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City Heights High School Helps Refugees Become Graduates
Wednesday, June 10, 2015
A young man goes from living in a refugee camp in Thailand to graduating from Crawford high school graduate and the special San Diego School District program that helps immigrant students graduate.
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Shmoh Lah was 14 years old when he came to San Diego from a Taiwanese refugee camp. Now, he’s getting ready to graduate from Crawford High School.
Lah's journey has been long.
“When I was in the Thailand refugee camp every day, my parents would wake me up at 3 a.m.,” Lah said. “Then we had to travel two hours to get to the place where my father would make a trap.”
When Lah’s family lived in the refugee camp he would forage for food with his father and brother in a forest near the camp.
One day his family got news they were being relocated to the U.S. They ended up in San Diego, and Lah started high school.
“The first day I came to Crawford High School, I didn’t know how to speak English," Lah said.
Skye Cook Piñon teaches in Crawford High School’s New Arrival Center, which is a special class for refugee students.
“If you think about what it would be like to pick up and move at a secondary age, and not only to move to a whole new city, but to move to a new country," Piñon said. “To move to a new style of society.”
New Arrival Center students come from across the globe, it is common to to have as many as 10 languages spoken in NAC classrooms.
“The kids come to us and many of them have had situations that have caused them to either have an interrupted education or no education at all,” Piñon said.
When students arrive at the New Arrival Center, their educations start at the beginning.
“We have to teach them how to be a student,” Piñon said.
For seven years the San Diego Unified School District has given students new to English and new to school a special class to help them grow into American high school life. Lah remembers his first day in Crawford High’s New Arrival Center.
“When I first came I didn’t know how to speak English, I (couldn't) even read the alphabet,” Lah said.
The New Arrival Center teachers are deeply invested in student success. If teachers suspect a student is having problems they often go to the student's home to talk with the family. Piñon said problems are often because of the trauma some students have before coming to San Diego.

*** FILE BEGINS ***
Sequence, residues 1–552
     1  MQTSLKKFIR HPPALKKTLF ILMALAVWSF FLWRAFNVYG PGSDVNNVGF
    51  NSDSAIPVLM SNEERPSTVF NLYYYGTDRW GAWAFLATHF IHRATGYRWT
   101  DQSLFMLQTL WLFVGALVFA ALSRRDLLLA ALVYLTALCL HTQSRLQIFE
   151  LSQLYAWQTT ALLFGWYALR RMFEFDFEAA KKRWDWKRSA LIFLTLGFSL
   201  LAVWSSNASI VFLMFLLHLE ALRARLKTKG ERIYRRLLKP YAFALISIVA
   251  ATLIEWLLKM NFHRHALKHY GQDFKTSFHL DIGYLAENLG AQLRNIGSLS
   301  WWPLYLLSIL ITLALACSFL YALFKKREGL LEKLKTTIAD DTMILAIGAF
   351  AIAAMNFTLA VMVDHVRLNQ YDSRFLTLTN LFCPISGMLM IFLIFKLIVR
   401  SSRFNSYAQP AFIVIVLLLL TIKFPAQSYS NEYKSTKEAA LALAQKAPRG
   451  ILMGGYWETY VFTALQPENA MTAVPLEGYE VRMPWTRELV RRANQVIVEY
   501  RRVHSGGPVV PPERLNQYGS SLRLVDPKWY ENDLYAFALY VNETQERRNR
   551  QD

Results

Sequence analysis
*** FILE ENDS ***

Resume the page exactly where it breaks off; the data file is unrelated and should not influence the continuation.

“We had a student that was struggling with some behavior issues that were stemming from the traumatic experiences that he had,” Piñon said. “We had another student who was having some psychological problems that were manifesting both in her school work, but also physically.”
The families come from places where schools and teachers represent the government. And for some refugees, the government can be scary. Combine that fear with a language barrier and many refugee families are unaware of what’s going on at their child’s school.
New Arrival Center teachers, like Piñon, aim to change that.
“One of the girls was struggling with feeling like she could be successful here. (We) got a translator and showed up at her house,“ Piñon said.
Six schools in the San Diego Unified School District have New Arrival Center classrooms. Crawford has the largest concentration of refugee students.
For these students, like Lah, graduating from high school is a huge accomplishment.
“I have big hopes for this school. It's going to lead me to my future — it's going to give me a better life,” Lah said.
After four years and a lot of work Lah’s high school journey at Crawford is coming to an end. Lah is set to start at San Diego City College in the fall.
“Right now I’m about to graduate and I’m very excited about getting into the real world, then to get onto my path,” Lah said. “I’m going to go to college soon and try really hard to get my nursing degree.”
This story is part of Public Radio International's Global Nation Project, which is made possible by a grant from the Corporation For Public Broadcasting.
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